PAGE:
By the induction hypothesis, $\sqrt{(a,b_{0},\ldots,b_{d-1})} = \sqrt{(b_{0}+ax_{0},\ldots,b_{d-1}+ax_{d-1})}$ in $R/\mathfrak{a}$ for suitable $x_{0},\ldots,x_{d-1}\in R$ (where for ease of notation we simply write $x$ for $x$ mod $\mathfrak{a}$ when $x\in R$). Let $\mathfrak{b}$ denote the ideal $(b_{0}+ax_{0},\ldots,b_{d-1}+ax_{d-1})$ of $R$. Then $\sqrt{(a,b_{0},\ldots,b_{d-1})} =\sqrt{\mathfrak{b}}$ in $R/\mathfrak{a}$, so that $a\in\sqrt{\mathfrak{b}}$ in $R/\mathfrak{a}$. By definition of $\mathfrak{a}$, there exist $x_{d},r\in R$ such that $x_{d}b_{d}\in\sqrt{0}$ and $a-rb_{d}-x_{d}\in\sqrt{\mathfrak{b}}$ in $R$. So $a\in\sqrt{\mathfrak{b}+Rb_{d}+Rx_{d}}$, hence also $a\in\sqrt{\mathfrak{b}+Rb_{d}+Rax_{d}}$.

Note that, in any commutative ring $A$, $\sqrt{(u,v)}=\sqrt{(u+v,uv)}$ for all $u,v\in A$. Indeed, we have $u^{2}=u(u+v)-uv$ and similarly for $v^{2}$. If, moreover, $uv\in\sqrt{0_{A}}$, then $\sqrt{(u,v)}=\sqrt{(u+v)}$.

In our case, this gives $\sqrt{Rb_{d}+Rax_{d}}=\sqrt{R(b_{d}+ax_{d})}$, so that $a\in\sqrt{\mathfrak{b}+R(b_{d}+ax_{d})}$. Writing $\mathfrak{c}:=\mathfrak{b}+R(b_{d}+ax_{d})=(b_{0}+ax_{0},\ldots,b_{d}+ax_{d})$, one has $a\in\sqrt{\mathfrak{c}}$, and therefore the $b_{i}$ are also in $\sqrt{\mathfrak{c}}$ (for $0\le i\le d$). Thus $\sqrt{(a,b_{0},\ldots,b_{d})}\subseteq\sqrt{\mathfrak{c}}$. And since the converse inclusion obviously holds as well, we are done. $\Box$.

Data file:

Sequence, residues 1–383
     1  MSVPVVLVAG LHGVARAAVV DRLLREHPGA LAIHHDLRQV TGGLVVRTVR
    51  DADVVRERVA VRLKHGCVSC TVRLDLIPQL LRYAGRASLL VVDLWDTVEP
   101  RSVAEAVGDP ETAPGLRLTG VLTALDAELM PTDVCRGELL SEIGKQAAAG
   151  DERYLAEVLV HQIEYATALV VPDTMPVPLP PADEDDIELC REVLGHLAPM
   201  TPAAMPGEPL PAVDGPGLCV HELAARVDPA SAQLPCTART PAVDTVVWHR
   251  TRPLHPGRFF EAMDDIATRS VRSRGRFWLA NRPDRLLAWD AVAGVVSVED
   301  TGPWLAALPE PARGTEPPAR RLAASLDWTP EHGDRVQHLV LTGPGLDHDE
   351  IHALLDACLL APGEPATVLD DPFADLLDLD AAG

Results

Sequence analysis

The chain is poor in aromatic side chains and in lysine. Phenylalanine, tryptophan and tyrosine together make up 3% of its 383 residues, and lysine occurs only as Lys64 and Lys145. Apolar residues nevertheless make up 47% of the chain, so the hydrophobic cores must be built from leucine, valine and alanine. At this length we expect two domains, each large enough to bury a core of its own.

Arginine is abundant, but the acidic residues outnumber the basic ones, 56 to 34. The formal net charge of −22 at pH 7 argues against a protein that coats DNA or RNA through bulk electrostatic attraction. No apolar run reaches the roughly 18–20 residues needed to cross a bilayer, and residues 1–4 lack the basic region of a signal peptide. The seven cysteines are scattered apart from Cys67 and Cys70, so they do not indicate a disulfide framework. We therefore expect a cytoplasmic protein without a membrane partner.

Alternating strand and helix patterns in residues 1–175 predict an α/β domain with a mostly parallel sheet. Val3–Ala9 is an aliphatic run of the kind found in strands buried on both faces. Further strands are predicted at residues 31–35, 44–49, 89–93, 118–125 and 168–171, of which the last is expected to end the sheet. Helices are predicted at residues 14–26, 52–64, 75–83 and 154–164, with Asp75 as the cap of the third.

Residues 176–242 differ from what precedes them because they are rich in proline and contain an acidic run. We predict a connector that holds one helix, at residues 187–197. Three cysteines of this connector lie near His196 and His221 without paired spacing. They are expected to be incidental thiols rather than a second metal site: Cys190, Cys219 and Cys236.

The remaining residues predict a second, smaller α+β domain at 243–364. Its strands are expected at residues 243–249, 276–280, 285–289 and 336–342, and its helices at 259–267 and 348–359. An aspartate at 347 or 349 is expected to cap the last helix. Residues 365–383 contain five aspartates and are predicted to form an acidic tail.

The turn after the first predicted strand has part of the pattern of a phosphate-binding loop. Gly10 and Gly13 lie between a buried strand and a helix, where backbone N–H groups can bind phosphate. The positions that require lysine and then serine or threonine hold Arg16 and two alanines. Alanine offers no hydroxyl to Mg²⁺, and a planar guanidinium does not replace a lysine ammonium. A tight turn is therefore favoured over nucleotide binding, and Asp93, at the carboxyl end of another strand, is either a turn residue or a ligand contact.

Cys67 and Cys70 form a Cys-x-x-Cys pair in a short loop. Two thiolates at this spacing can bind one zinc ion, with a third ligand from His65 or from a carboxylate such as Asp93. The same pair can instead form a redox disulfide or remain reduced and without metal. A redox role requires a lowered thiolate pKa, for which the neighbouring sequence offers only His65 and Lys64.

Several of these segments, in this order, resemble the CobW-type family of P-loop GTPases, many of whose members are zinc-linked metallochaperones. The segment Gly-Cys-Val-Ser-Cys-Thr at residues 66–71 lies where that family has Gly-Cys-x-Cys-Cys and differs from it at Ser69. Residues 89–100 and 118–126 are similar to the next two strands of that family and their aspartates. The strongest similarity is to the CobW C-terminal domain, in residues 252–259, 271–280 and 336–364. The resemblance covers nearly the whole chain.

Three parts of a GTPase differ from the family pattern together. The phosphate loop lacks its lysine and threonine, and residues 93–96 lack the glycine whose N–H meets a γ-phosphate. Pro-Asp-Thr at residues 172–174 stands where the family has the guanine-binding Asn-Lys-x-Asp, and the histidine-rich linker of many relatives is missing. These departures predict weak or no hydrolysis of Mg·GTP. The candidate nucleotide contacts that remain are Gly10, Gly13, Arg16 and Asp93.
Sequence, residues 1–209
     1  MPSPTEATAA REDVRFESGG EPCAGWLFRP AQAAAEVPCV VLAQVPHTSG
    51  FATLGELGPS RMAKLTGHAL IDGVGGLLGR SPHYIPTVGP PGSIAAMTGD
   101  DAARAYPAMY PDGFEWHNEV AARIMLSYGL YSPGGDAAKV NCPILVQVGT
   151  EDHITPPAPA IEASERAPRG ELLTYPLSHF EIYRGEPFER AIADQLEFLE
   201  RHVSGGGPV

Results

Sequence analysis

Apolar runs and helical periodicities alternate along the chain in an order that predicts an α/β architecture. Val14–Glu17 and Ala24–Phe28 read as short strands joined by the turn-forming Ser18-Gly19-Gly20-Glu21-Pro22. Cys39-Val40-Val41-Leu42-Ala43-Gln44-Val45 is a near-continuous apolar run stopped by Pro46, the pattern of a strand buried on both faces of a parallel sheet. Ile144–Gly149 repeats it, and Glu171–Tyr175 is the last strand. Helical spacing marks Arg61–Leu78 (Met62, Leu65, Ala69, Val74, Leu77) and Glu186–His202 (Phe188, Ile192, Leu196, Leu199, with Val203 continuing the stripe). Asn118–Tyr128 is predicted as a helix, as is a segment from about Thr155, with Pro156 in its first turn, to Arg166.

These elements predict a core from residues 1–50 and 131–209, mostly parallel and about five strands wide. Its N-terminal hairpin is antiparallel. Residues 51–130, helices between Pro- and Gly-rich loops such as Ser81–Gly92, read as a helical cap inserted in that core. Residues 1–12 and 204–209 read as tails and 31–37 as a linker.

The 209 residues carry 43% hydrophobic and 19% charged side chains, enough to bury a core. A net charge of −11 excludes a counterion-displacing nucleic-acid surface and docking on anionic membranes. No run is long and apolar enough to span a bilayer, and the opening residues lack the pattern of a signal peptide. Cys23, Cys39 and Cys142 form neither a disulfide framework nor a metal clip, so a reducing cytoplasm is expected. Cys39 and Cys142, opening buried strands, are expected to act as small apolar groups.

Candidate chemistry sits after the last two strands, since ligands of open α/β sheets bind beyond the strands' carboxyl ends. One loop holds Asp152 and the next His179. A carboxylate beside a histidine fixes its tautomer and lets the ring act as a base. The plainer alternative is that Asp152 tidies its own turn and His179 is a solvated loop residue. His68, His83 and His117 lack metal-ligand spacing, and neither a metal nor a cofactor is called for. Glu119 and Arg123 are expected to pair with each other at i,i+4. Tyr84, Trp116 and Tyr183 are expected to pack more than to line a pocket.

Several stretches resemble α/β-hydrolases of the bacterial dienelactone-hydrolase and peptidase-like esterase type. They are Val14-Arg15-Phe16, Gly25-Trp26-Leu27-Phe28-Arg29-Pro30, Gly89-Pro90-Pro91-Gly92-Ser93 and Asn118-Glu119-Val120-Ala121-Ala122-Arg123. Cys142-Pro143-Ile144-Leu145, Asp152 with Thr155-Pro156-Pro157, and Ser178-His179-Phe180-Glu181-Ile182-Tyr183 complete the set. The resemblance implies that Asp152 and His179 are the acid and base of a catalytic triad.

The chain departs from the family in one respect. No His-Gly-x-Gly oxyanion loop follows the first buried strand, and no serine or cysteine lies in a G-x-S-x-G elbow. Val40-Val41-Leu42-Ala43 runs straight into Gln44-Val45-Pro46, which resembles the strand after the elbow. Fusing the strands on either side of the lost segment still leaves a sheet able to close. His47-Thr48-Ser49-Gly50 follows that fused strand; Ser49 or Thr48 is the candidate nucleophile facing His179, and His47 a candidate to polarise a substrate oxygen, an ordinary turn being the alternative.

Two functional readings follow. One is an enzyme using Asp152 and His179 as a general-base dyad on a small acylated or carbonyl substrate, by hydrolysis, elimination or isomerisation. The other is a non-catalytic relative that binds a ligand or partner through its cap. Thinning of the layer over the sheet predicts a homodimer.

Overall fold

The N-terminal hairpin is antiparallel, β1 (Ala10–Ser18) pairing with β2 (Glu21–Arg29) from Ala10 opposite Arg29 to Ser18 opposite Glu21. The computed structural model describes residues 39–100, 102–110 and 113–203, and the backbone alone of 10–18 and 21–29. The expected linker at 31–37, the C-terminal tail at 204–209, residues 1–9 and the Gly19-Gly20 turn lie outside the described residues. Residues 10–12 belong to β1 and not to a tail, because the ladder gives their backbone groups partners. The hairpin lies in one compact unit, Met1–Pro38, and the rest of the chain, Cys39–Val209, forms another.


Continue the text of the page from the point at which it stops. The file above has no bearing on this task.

The radical of any finitely generated ideal $I$ of $R$ will therefore equal the radical of some suitable ideal generated by $d+1$ elements - by induction on the number of generators of $I$.


As to the Noetherian case, here's an elementary proof of the Eisenbud-Evans-Storch theorem. The theorem yields that every algebraic set in the affine space $\mathbb{A}_{k}^{d}$ over a field $k$ is the intersection of $d$ or fewer hypersurfaces, improving the old result of Kroneckers's that needed $d+1$ or less.

Theorem: If $R$ is a Noetherian commutative ring of finite Krull dimension $d$, then every ideal of $R[X]$ (a ring of dimension $d+1$) has the same radical as a suitable ideal generated by $\le d+1$ elements.

Proof: since dim$(R)=$dim$(R/\sqrt{0})$, and for ideals $\mathfrak{a},\mathfrak{b}$ of $R$, we have $\sqrt{\mathfrak{a}}=\sqrt{\mathfrak{b}}$ in $R$ iff $\sqrt{\overline{\mathfrak{a}}}=\sqrt{\overline{\mathfrak{b}}}$ in $R/\sqrt{0}$, we can assume $R$ is reduced (i.e., $\sqrt{0}=0$).

Induction on $d$. The case $d=-1$ is trivial, for then $R=0=R[X]$, the trivial ring. So let $d\ge 0$.